This is kind of where I chastise Summer’s character. To me, Tom and Summer were equally to blame. Summer over-stepped the boundaries of the relationship: she went on dates with Tom, she opened up her mind to Tom, and if you’ve seen the movie, it genuinely looks as if Summer cared about Tom (with exceptions leading up to the breakup). Summer knowingly continued her relationship with Tom, even though she knew he wanted more, and when she was pushed to an ultimatum, she backed out and was forced to break away from Tom so that she wouldn’t hurt him anymore. This was really a mature thing of Summer to do, because she ended it before Tom was past the point of no return. At the same time though, it was Summer’s selfishness that allowed her to hurt Tom in the first place; she wanted Tom’s time and affection, but did not want all of the ramifications and labels of such. When I think about myself, I see Summer in me when I led on a few close friends by long late night phone calls, cheek kisses, and sadly the drunk make-out. I could have used more self-constraint, but because I was hungry for attention and my needs I couldn’t really see how the guys were being affected.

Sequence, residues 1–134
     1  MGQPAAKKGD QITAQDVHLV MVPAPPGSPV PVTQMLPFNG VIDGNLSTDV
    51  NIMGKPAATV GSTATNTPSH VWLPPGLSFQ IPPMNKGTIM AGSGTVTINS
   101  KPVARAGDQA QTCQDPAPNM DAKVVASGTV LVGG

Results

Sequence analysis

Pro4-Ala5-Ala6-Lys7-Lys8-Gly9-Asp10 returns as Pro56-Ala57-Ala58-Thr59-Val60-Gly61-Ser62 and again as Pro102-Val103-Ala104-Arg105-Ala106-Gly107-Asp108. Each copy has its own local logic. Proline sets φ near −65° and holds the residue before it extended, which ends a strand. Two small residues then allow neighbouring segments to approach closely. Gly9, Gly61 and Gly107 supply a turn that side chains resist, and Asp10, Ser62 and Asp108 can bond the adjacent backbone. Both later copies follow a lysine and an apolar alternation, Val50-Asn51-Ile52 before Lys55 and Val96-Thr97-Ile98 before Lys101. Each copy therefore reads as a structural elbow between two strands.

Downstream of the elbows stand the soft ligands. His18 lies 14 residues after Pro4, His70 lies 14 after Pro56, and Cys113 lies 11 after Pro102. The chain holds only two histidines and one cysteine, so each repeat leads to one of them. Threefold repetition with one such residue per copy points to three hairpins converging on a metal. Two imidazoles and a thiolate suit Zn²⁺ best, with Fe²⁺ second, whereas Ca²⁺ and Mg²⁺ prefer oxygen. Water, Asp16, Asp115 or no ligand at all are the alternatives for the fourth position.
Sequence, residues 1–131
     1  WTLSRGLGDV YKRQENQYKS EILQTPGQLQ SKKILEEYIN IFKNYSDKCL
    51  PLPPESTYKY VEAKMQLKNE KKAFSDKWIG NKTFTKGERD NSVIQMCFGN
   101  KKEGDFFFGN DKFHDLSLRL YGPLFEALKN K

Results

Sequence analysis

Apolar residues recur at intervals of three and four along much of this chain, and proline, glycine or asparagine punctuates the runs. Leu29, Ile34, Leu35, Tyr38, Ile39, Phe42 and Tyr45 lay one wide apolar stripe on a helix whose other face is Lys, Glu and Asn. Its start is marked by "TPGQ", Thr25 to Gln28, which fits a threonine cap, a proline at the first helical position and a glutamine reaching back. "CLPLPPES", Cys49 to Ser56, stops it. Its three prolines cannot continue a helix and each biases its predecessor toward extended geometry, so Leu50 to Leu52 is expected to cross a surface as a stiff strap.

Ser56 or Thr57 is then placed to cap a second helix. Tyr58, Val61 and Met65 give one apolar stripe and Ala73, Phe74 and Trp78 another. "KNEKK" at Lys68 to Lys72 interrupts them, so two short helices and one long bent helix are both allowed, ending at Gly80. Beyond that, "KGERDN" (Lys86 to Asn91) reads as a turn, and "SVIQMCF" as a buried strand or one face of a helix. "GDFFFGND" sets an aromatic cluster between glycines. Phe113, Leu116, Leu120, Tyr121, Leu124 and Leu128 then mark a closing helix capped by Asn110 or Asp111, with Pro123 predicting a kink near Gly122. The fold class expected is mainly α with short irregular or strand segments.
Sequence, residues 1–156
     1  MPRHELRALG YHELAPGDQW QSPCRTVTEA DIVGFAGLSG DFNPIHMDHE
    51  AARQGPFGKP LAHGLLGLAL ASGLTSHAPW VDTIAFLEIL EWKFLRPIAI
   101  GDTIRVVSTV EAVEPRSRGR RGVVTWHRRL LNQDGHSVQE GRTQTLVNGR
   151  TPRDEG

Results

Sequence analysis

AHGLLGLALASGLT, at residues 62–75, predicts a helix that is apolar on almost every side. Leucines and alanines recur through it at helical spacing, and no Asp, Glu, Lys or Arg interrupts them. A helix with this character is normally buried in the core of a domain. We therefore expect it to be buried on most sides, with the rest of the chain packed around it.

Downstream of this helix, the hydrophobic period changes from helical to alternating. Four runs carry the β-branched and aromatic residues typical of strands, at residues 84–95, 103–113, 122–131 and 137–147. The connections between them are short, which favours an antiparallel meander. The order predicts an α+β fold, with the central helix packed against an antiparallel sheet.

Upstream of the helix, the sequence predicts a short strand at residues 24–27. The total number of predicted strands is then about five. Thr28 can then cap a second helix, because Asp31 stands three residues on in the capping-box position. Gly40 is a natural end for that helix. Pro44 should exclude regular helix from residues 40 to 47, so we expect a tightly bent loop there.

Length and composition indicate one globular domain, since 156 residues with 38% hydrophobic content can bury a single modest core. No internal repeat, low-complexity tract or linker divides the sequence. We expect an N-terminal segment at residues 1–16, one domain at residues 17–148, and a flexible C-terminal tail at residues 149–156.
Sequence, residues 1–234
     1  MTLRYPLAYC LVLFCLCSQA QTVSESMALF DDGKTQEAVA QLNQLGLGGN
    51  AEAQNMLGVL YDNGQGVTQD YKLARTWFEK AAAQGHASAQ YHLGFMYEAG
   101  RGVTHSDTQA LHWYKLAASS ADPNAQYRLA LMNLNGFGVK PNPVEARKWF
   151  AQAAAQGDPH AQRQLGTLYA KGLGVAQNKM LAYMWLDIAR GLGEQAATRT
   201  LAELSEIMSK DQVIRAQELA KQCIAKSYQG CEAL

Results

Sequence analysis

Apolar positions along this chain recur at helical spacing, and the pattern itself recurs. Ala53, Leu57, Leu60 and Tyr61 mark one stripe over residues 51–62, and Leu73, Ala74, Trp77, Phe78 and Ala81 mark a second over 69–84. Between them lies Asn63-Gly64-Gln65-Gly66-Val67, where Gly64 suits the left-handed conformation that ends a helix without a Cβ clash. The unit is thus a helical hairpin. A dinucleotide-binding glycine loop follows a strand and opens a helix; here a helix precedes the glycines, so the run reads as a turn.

Now, I try to do my best to not be a Tom or Summer, because Tom was delusional, and Summer was selfish. It just so happens, that after I watched the video, I took to the comments to look at how others were receiving this absolution of Summer’s sins. Some were outraged, saying Summer was a bitch who led Tom on, others agreeing with the video that it was Tom’s fault. Unsurprisingly, those that could see the movie from both perspectives argued that it was both their faults. In my opinion, this Tom-Summer relationship is becoming uniform, especially in today’s age. With hookup and “friends with benefits” culture so prevalent, there’s so many Toms and so many Summers, and I guess that’s what makes 500 Days of Summer a great movie. I definitely recommend watching this movie, it has re-watch value and the meaning of the film changes when watched at different points of your life. And isn’t that what a good film is supposed to do!